In this landlord-tenant dispute regarding forfeiture of security deposits, pro se appellant landlords challenge the district court's summary judgment that the forfeiture clause in a lease is unenforceable and the district court's award of attorney fees, costs, and disbursements to respondent tenants. We affirm.
Respondent-tenants Andrew and Elisa Kaeding leased a house from appellant-landlords Karl and Susanne Auleciems. The house had a basement, a main floor, and a second floor. The lease ran from April 1, 2013, through March 31, 2014, with monthly rent of $2,700, a $2,500 security deposit, and an additional $1,000 pet deposit. Respondents lived in the house with their two children and two dogs.
The lease prohibited pets from being in the basement or on the second floor. To prevent their dogs from going into the prohibited areas, respondents kept the basement door closed and installed a gate at the top of the stairs leading up to the second floor. Despite these precautions, the dogs got into the prohibited areas several times during respondents' tenancy. The dogs were always immediately removed
After respondents moved out of the house, appellants retained the $3,500 in deposits and also sought an additional $1,425 for damages. Appellants sent respondents a letter in which they listed the items for which they were seeking damages
Respondents brought an action in conciliation court seeking to recover the $3,500. Appellants filed a counterclaim, asserting that they were entitled to retain the entire security deposit under a lease clause that stated that "[t]enants agree to forgoe [sic] security deposit if pets are found to have been on the top or bottom floors of the house." The conciliation court determined that the forfeiture clause was unenforceable but awarded appellants $800 for damages beyond normal wear and tear. The conciliation court awarded respondents the remaining $2,700 balance of the security deposits plus $75 in costs.
Appellants filed a demand for removal to district court. Respondents filed an amended complaint, and the parties filed summary-judgment motions. The district court granted the motions in part and denied them in part. The district court concluded that the forfeiture clause was unenforceable under Minn.Stat. § 504B.178, subds. 3(b) and 10 (2014). The district court also concluded that appellants' retention of the two deposits constituted bad faith under Minn.Stat. § 504B.178, subd. 7 (2014), and awarded respondents $1,000 in punitive damages. The district court granted summary judgment for appellants on respondents' claim for unjust enrichment based on the lease making respondents responsible for snow removal and lawn care.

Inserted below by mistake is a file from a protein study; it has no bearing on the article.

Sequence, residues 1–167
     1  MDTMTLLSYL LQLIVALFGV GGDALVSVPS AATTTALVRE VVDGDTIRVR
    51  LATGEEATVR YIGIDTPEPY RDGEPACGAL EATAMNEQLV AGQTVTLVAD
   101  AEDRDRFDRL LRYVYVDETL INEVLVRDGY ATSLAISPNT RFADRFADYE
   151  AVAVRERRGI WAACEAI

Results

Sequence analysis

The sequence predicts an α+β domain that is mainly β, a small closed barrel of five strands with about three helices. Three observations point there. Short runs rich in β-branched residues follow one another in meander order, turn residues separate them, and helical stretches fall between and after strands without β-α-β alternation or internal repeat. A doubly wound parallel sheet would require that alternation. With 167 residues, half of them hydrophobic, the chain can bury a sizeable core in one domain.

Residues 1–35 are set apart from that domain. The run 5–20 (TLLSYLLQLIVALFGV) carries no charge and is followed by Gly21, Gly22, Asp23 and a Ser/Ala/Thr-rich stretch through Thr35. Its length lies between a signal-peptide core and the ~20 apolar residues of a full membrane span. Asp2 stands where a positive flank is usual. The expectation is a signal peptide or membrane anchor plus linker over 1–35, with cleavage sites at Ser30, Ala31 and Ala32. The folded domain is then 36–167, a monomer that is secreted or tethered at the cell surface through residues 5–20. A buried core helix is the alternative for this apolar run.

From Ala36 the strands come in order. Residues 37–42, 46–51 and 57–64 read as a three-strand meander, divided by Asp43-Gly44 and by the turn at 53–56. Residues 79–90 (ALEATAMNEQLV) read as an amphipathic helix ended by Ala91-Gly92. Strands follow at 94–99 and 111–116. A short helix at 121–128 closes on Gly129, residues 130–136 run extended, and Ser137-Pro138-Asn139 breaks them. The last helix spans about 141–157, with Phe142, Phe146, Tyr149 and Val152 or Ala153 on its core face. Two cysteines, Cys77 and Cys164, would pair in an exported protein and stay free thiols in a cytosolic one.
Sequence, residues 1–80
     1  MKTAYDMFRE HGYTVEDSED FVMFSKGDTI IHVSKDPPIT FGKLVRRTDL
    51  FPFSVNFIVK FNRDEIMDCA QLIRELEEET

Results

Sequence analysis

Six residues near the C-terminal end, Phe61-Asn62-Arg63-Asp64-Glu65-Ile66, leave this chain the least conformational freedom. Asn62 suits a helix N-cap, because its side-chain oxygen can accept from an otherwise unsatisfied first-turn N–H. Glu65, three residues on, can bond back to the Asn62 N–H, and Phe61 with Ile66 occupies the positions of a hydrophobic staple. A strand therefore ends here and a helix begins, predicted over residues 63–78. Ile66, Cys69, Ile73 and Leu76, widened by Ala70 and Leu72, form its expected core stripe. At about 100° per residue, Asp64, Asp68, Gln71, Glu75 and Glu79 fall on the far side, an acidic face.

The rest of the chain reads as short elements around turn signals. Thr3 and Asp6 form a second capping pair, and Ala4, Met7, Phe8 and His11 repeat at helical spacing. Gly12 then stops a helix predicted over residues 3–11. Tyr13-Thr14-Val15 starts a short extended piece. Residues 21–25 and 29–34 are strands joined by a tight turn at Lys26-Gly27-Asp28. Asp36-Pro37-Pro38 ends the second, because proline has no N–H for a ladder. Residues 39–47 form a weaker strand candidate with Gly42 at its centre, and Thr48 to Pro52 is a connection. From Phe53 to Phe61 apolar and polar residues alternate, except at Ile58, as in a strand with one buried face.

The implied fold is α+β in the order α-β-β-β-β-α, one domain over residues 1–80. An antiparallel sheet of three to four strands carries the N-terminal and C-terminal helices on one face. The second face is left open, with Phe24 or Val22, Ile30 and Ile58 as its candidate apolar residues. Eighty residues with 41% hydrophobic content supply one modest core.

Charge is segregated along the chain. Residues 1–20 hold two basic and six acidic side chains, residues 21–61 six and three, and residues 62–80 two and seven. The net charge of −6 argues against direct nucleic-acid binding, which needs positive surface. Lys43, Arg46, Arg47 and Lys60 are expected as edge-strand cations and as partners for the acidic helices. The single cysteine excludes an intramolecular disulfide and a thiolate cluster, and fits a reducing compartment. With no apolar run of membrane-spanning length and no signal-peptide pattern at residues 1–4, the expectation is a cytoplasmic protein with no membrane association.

The damages issue was tried to the court, and, on the day of trial, appellants orally moved to add a diminution-of-value claim, asserting that damages that occurred during respondents' tenancy were a factor in appellants' decision to sell the property for $389,000 after respondents moved out, although appellants' initial asking price had been $469,000. Appellants' proposed order following trial set the diminution-of-value claim at $12,000.
The district court made specific findings on each item of damages claimed by appellants and awarded appellants $640 for damages beyond normal wear and tear and ordered that the balance of the security deposits, $2,860, be returned to respondents. The district court determined that appellants failed to present sufficient evidence to prove their diminution-in-value claim.
Following trial, respondents submitted an application for costs and disbursements and a motion for attorney fees. The district court awarded respondents $50 for costs under Minn. R. Gen. Pract. 524 and Minn.Stat. § 491A.02, subd. 7 (2014), and $1,142.95 for disbursements under Minn. Stat. § 549.04 (2014). The disbursements included $601 in court fees, a $100 payment to a court reporter for a two-hour deposition, $241.95 for deposition transcripts, and a $200 professional-witness fee
The district court determined that respondents were entitled to recover attorney fees under a lease clause that stated that "[t]he court may award reasonable attorney's fees and costs to the party who prevails in a lawsuit about the tenancy" and awarded respondents $12,350 for attorney fees. The fee award was based on 49.4 hours billed at $250 per hour, which the district court found was a reasonable rate for an attorney of counsel's experience and a reasonable number of hours for a contested matter with multiple motions and a one-day trial. The court explained:
I. Did the district court err in granting respondents summary judgment on appellants' claim that the security deposits were forfeited?
II. Did the district court err in awarding respondents $1,000 in punitive damages?
III. Did the district court err in awarding respondents attorney fees?
IV. Did the district court err in awarding respondents costs and disbursements?